Saturday morning I woke up early to start preparing everything. First thing to hit the oven was a pumpkin pie made from homemade pumpkin puree (actually a butternut squash.) Thanks to King Arthur Flour for the amazing recipe.

Beautiful color!
Mashed potatoes are my specialty, and something I always have been in charge of for Thanksgiving back home. I FINALLY found “my” secret ingredient (I stole the idea from my mom, who has been nice enough to let me claim it as my own. Thanks mom!) so I was very excited to be able to make the perfect potatoes. I forgot how much time they take to peel! Well worth the time though.


After the potatoes were done I started on the stuffings. There were two vegetarians at the meal so I made one for the chickens and one with a watered down cream of mushroom soup for the base. Man, it turned out good! The stuffings were both flavored with rosemary, thyme and sage. We were very lucky to have some dried sage in the house all the way from Palestine! Although sage grows in the mountains near Valencia, I have, unfortunately, never seen it in the stores here.


After all those dishes were done, I took a quick nap and went out for a coffee to try to get ride of a headache that was bothering me all day. A side effect of some antibiotics for strep throat. Sad smile

When I was ready for the kitchen again, my roommate was finally awake to help me with the chickens. To keep with the flavors of the stuffing we made a butter, fresh rosemary, fresh thyme and dried sage rub for under the skin of the chickens. We had a little too much fun listening to Christmas carols and dancing with the chickens while they were sitting on beer cans to let the rest of the blood drain.

Notice the green twine....
A few hours before our guests arrived we finished the stuffing the chickens. I realized then that we didn’t have any butchers twine! Luckily, she had some string from a craft project that worked just fine. It was colored though, so the only thing that was going through my head while we were tying the legs together was the scene from the movie Bridget Jones’s Diary where she uses blue Christmas ribbon to tie some herbs for a soup and the soup comes out blue! Luckily, our chickens came out a perfect toasty brown color and not green.

The spread!
The desserts! Homemade pumpkin and apple pies
This was probably my favorite of all the Thanksgivings I have had here. It was full of great people and great food. Did I mention we had 4 countries represented?? Talk about a true expat party!

American, Palestinian, Egyptian, Spanish, American, American. A very international Thanksgiving!

Monday, November 18, 2013

Recipe: Can-Free Pumpkin Puree

Thanksgiving season is one of the most difficult times for an American abroad. Traditional foods that are easy to find and inexpensive back home are non existent or very expensive abroad. I have been lucky enough to make Thanksgiving work all three years I’ve been in Spain (here is the story about my first year).

Pumpkin is one of my favorite foods to use during this time of the year. I love making pumpkin breads, sweets, soups and pies of course! The problem with this in Spain, is that canned pumpkin doesn’t exist. However, pumpkin puree is INCREDIBLY easy to make.

This year, I was lucky enough to get my hands on a real pumpkin! But, this recipe (and all recipes calling for pumpkin puree) can be made with butternut squash. In fact, most canned pumpkin brands are actually made from butternut squash!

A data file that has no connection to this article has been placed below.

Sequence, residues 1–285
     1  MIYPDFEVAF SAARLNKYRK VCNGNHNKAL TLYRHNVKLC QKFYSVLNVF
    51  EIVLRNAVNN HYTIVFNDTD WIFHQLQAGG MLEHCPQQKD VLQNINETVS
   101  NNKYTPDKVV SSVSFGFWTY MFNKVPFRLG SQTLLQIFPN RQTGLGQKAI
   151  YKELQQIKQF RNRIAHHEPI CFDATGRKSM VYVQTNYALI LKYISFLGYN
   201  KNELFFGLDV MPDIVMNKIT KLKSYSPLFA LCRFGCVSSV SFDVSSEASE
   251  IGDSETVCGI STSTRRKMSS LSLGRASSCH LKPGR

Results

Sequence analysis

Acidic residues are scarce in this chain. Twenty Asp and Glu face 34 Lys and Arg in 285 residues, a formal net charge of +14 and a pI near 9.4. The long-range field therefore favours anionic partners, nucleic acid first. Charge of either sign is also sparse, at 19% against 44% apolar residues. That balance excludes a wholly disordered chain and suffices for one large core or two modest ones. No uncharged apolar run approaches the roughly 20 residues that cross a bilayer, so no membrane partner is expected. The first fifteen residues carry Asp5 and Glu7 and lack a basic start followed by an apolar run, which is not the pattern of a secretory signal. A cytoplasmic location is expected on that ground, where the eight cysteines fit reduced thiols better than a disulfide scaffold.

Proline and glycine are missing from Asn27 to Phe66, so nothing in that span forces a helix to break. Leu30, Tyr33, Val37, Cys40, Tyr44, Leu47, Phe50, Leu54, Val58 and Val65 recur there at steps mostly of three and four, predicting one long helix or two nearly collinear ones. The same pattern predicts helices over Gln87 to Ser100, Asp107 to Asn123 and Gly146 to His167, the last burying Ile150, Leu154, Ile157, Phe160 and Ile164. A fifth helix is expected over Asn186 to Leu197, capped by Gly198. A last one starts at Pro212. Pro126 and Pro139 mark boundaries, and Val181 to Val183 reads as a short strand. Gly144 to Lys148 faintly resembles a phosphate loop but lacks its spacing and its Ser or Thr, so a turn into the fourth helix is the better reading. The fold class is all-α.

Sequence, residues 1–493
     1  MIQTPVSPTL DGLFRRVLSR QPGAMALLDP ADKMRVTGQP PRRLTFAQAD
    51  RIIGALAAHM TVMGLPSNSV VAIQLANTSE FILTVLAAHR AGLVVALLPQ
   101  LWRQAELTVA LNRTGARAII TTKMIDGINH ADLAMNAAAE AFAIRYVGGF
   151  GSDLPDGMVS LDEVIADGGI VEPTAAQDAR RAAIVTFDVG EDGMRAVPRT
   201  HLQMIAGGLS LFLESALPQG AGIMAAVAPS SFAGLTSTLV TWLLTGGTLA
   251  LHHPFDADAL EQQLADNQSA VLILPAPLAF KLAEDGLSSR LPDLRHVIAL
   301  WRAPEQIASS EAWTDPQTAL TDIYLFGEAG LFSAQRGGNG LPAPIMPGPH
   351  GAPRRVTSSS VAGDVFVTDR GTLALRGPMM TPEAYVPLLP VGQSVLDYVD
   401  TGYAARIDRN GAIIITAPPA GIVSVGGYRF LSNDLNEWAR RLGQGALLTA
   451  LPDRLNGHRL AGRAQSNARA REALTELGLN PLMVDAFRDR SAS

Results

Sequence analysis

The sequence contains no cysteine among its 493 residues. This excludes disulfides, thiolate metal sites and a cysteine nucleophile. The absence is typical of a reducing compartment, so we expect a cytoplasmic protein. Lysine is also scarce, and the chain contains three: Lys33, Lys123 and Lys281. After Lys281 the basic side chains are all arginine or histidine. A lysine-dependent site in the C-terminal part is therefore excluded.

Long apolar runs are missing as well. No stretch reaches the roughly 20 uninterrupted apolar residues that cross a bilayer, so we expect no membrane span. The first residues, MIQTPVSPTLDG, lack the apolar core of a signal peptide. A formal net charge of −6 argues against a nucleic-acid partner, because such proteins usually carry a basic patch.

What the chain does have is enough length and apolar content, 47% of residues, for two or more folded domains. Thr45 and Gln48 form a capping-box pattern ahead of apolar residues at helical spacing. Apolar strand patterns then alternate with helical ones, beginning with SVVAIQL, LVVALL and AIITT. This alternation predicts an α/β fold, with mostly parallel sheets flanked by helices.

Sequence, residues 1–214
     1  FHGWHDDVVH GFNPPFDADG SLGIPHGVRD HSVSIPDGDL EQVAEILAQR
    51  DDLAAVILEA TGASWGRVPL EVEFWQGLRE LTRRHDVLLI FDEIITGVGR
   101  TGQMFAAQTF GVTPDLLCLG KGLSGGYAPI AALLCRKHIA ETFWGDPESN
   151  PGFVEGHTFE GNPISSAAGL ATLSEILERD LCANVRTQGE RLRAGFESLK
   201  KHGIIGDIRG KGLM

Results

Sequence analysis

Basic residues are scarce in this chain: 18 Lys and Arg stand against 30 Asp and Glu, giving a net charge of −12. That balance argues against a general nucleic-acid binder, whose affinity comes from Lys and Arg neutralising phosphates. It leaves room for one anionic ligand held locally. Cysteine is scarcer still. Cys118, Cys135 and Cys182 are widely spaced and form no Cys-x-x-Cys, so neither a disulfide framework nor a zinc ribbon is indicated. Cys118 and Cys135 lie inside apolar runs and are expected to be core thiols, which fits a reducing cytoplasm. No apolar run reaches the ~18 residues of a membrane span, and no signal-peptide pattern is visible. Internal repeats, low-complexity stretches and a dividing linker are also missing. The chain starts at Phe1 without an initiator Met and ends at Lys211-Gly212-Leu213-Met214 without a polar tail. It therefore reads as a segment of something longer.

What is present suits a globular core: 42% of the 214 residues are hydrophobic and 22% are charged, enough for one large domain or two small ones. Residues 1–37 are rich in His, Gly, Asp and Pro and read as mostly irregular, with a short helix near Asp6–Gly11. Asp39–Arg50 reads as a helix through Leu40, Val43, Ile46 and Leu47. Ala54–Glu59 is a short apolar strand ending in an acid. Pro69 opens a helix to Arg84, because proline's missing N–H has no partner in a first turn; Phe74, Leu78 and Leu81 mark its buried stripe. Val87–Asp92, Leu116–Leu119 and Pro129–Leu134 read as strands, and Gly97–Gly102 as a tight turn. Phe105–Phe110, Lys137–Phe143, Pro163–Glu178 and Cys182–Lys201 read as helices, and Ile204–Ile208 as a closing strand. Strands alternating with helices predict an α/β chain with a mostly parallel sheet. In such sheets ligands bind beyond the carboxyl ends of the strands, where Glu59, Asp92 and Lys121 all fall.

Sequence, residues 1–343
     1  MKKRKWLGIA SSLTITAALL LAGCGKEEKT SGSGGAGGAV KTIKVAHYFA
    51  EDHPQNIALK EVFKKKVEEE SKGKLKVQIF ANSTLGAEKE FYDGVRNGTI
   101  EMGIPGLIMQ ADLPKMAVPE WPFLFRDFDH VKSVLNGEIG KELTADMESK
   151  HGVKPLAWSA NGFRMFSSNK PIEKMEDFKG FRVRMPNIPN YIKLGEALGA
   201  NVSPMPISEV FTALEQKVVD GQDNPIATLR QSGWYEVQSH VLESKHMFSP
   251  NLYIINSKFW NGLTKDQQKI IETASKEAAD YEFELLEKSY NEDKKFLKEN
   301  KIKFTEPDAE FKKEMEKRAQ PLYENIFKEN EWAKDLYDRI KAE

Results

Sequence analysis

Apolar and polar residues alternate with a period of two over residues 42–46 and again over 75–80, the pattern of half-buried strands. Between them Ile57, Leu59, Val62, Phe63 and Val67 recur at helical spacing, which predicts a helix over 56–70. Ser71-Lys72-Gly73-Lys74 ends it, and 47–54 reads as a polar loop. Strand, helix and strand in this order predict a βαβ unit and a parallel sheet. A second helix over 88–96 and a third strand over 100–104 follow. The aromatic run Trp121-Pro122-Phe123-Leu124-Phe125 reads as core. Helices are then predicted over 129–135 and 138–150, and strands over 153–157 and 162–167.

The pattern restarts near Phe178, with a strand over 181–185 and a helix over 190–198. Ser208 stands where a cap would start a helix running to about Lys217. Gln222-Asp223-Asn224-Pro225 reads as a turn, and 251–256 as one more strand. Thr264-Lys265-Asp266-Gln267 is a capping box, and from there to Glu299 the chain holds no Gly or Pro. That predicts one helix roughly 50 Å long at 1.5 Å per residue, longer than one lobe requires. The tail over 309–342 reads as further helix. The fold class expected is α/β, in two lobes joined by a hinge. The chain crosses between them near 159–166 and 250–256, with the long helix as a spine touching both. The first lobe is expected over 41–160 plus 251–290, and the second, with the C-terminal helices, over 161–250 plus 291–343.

My pumpkin


1 pie pumpkin* or butternut squash
*Normal carving pumpkins (the big ones) are not good for this, you should look for the small ones that come with a sticker saying pie pumpkin or sweet pumpkin.

  • Preheat the oven to 400 degrees Fahrenheit or 200 degrees Celsius
  • Cut the pumpkin or squash in half
  • Clean out the seeds and pulp (Save the seeds to roast if you want!)
  • Put the Pumpkin or Squash skin side up on the baking sheet
  • Bake for 45-60 minutes, depending on the size. It is done with the meat can easily be smashed with a fork
  • Scoop out the meat and throw away the skins
The puree can be kept in the fridge for a few days or in the freezer for a month.

All clean and ready for the oven

Now you are ready to use your homemade puree for whatever recipe you want! See, so much easier than using the can! Stay tuned for a Pumpkin Pie recipe!

All finished and smelling delicious!

Nice and squishy. Ready for any recipe!

Saturday, November 9, 2013

Tourist in My Own City: Mercado Central

As many of you may know, one of my favorite things to do is go to the city food markets and window shop. Most Mondays and Wednesdays after my Arabic class, I will go to Valencia’s Mercado Central to wander around and get some inspiration for meals for the week.



This market is right in the center of the city, just a few minutes walk from the Plaza del Ayuntamiento. It is a huge building with a lot of space to walk around in. So, instead of fighting through huge crowds, like in Barcelona’s La Boqueria, you can actually take your time and enjoy looking at all the delicious food. The market is divided into two parts. The meat and vegetables are in the front and all the fish and seafood are in the back.



Right in the middle of the market is a big open space. Look up when you get here and you will see a beautifully painted dome which reaches up 30 meters. This open space is sometimes used for events. Even Spain’s first season of Master Chef has filmed here!


Top Chef